A MONDAY IN KABUL (english)

A quick search for 'Afghanistan' on Google images does not paint a pretty picture. War, soldiers, women in burkas and self-immolation:

Is this truly the only faith of Afghanistan today?

In March of 2013 I travelled to Kabul again, together with my partner Philip. Contrary to the traditional country side, Afghanistan's capital has undergone some radical changes over the last 10 years. To get a grasp of the society and it's values, we decided to ask inhabitants one simple question: 'what's your favourite place in the city?'

This question led us on an exciting journey throughout the city. Together with translator Najibullah and driver Zarif we portrayed people at their personal favourite spot in town.

We also gave our Dutch friends and family the opportunity to be part of our journey by posting questions for Afghans on our Facebook site. The answers to these questions can be found on this blog.

By giving the inhabitants of Kabul a voice, we hope to add an alternative view of Afghanistan. Not as a negotiation of the news, but rather as an addition. What does an ordinary Monday afternoon in Kabul look like? And what do we really know about each others lives?

English translation:
www.mariekeverhoeven.com

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MY PERSONAL MOTIVE FOR THIS SERIES

Most people base their world views on what they read in the paper or see on television. In the case of countries like Afghanistan, this means a continuous stream of extreme news facts.
 

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A Monday in Kabul (English subtitles) from philipenhugo on Vimeo.

SHORT FILM 

During our trip, Philip produced a short film about our project approach and my personal motives for making this series.

'THE STORY OF MY LIFE'

How often is the term ‘terrorism’ used in the media, and how subjective is this term? Why do they speak of ‘resistance’ when discussing the exact same thing on the other side of the world? And if a term can be explained in such different manners, is there such a thing as the real truth?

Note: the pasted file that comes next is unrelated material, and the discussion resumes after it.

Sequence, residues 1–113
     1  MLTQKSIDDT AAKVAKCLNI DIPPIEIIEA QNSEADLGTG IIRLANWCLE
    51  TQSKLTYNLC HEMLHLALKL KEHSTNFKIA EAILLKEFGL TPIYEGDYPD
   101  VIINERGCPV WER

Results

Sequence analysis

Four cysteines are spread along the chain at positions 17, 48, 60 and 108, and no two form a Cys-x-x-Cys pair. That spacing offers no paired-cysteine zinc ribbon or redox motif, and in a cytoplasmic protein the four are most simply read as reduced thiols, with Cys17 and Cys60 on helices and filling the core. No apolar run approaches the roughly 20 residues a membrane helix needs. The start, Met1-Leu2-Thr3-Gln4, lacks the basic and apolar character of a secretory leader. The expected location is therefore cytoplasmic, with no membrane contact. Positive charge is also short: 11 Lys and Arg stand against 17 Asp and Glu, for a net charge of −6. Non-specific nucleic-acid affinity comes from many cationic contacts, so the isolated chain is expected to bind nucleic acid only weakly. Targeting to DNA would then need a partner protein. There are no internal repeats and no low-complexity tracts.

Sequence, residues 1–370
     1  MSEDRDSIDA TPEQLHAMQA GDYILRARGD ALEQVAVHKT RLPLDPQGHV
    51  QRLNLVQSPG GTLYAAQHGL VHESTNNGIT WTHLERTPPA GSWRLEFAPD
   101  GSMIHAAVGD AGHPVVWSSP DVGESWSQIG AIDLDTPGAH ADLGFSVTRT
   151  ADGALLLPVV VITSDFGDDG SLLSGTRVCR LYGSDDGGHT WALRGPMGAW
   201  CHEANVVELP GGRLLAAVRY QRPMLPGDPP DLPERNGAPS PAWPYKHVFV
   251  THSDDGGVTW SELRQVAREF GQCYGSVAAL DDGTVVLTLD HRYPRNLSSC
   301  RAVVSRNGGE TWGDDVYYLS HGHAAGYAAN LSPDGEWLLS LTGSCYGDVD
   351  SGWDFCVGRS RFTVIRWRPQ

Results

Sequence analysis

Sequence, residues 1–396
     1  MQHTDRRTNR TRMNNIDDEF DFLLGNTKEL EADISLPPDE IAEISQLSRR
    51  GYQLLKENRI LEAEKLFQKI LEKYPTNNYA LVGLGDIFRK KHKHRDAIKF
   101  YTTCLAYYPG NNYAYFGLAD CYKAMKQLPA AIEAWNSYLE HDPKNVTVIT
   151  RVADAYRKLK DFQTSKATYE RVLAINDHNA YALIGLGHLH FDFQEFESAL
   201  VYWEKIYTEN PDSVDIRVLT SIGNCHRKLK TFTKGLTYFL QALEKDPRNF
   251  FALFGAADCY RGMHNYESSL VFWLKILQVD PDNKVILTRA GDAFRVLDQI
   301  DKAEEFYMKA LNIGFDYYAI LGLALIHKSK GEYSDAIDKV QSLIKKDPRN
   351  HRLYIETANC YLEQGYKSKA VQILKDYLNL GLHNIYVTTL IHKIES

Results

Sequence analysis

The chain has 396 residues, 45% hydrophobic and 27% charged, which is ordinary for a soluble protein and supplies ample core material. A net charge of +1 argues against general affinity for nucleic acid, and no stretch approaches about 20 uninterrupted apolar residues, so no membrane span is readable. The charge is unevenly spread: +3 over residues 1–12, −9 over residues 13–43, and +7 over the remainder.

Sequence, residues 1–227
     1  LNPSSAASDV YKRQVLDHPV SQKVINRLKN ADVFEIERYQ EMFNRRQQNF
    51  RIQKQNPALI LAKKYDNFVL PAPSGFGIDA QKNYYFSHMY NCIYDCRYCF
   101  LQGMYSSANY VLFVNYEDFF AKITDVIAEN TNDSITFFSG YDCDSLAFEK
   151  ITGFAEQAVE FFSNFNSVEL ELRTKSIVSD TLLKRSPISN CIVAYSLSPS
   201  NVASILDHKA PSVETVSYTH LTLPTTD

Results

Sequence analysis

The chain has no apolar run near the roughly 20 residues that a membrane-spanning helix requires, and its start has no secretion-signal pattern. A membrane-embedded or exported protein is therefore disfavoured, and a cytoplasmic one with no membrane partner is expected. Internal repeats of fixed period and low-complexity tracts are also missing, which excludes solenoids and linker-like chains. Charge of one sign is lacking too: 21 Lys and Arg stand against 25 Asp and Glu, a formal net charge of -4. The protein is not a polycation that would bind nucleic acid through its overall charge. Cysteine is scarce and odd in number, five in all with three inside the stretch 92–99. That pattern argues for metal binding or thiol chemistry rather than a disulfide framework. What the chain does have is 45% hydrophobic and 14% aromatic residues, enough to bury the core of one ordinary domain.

Questions like these have always intrigued me immensely.

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THE A-TEAM

Without the help of Najibullah, Zarif and the Toyota Corolla, this whole project would not have been possible. Thank you so much!

A SAD LOVE STORY AT THE TV-SHOW

'Wow…', the group of girls look at us in disbelieve. 'So you two really have a love-marriage?' After my confirmation they gaze at Philip for a while and then respond: 'we don't have that here.'

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AUDIENCE AT A TV SHOW

A NICE COUPLE

"My name is Amir and I am married to Sharifa. She is a politician. When I first saw her seventeen years ago I immediately fell in love with her. For seven consecutive years I asked her father for her hand, until he finally agreed. We were blessed with two kids.

I love her dignity, her ambition, her idealism with which she shows that there is are opportunies for women. Even though politically it’s not easy and every now and then we need to go into hiding. That’s Afghanistan.”

THE DUTCH-AFGHAN FATMA RETURNS TO HER HOME COUNTRY

'After 20 years in Holland, my desire to return to Afghanistan grew bigger and bigger each day'

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PIC NIC ON FRIDAY

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